It’s time to shake off the holiday cookie crumbs and start eating healthy again. Fortunately, the new year brings a great selection of tasty, yet nutritious foods that may have flown under our radar in the past, but are now ready to make a big splash.
Food-trend watchers have named cauliflower the new kale. Cauliflower is low in calories and fat, and high in protein and fibre. It can also be prepared in many different ways — roasted, mashed, sauteed, or eaten raw. If you want to really go crazy, you can try orange cauliflower, which has 25 times more vitamin A than the white version.
2. Swiss chard: Dark greens will continue to reign in 2014. But if you’re tired of spinach and kale, consider bringing Swiss chard into the kitchen. The thick-ribbed vegetable has a slightly bitter taste but can be cooked just like other leafy green vegetables and packs the same nutritional punch. It’s high in vitamin C, iron, and calcium. Saute it with a little olive oil, garlic, and crushed red pepper for a healthy dish.
4. Mangosteen: Native to Southeast Asia and touted for being rich in antioxidants, this tropical fruit may give the acai berry a run for its money. Despite its name, the mangosteen is not related to the mango.
It has a thick reddish-purple rind and sweet, juicy white flesh on the inside. For decades, fresh mangosteen was not available in the mainland United States because they can harbor insects pests. In August 2013, mangosteens became available at 10 Whole Food stores in the Southern California area. You can tear off the rind and eat the white segments on their own or puree the fruit (including the rind) into a healthy juice.
4. Ancient grains: Thanks in part to the gluten-free craze, ancient grains like amaranth, quinoa, buckwheat, millet, and teff are making a comeback. These grains are called “ancient” because they have been around unchanged, for at least 1,000 years. (Modern-varieties of wheat and corn, for example, have been selectively bred so they are different from the older cultivated varieties).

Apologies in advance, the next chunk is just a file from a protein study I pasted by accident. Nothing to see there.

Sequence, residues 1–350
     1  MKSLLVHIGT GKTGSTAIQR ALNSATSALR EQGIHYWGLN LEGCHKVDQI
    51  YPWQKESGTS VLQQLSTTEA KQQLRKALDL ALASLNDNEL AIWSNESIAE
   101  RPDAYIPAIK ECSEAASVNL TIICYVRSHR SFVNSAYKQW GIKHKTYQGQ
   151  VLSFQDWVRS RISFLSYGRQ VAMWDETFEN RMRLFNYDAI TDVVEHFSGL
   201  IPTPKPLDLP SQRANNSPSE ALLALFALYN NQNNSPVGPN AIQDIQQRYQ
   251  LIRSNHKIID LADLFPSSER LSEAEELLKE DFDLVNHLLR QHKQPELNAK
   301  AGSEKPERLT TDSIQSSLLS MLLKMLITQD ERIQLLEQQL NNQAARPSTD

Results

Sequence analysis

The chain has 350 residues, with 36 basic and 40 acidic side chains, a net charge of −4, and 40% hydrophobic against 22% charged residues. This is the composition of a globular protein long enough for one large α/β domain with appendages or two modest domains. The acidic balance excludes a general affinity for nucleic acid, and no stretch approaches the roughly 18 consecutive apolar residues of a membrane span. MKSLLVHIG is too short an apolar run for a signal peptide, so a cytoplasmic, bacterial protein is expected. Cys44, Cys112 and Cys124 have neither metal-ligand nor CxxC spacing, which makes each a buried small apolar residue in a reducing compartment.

Another old grain, called freekeh, is gaining popularity in America, although it has been enjoyed in Middle Eastern for many centuries. Because of the way it’s processed, freekeh has more fibre than rice and is also high in protein, though it’s not gluten-free.
5. Arctic char: The National Restaurant Association’s annual “What’s Hot” culinary forecast, predicts that non-traditional fish, like Arctic char, branzino, and barramundi will be edging their way onto menus this year. Arctic char is a mild, yet rich fish that’s related to salmon and trout. Because the Arctic char is mostly farmed, Seafood Watch has named it a “best choice” for the environment.
6. Kimchi: This pickled cabbage dish has long been a staple in Korea, but it’s been gaining momentum in the U.S. as part of a growing trend in fermented foods. Fermentation is the process by which bacteria converts sugar into alcohol.
Some research also shows that fermentation can be good for you. One study found that people who ate fermented kimchi for one month lost more weight and showed improvements in total cholesterol and blood pressure, compared to those who ate fresh kimchi.
7. Coconut: We’ve already heard about coconut water, but other coconut foods will be reaching mainstream consumers this year. The National Restaurant Association says that eateries will be serving up more coconut milk pancakes and a survey of dietitians predicts that coconut oil (which has no cholesterol or trans-fats) will continue to be praised for its wide-range of health benefits, including improved brain function and aiding weigh-loss.
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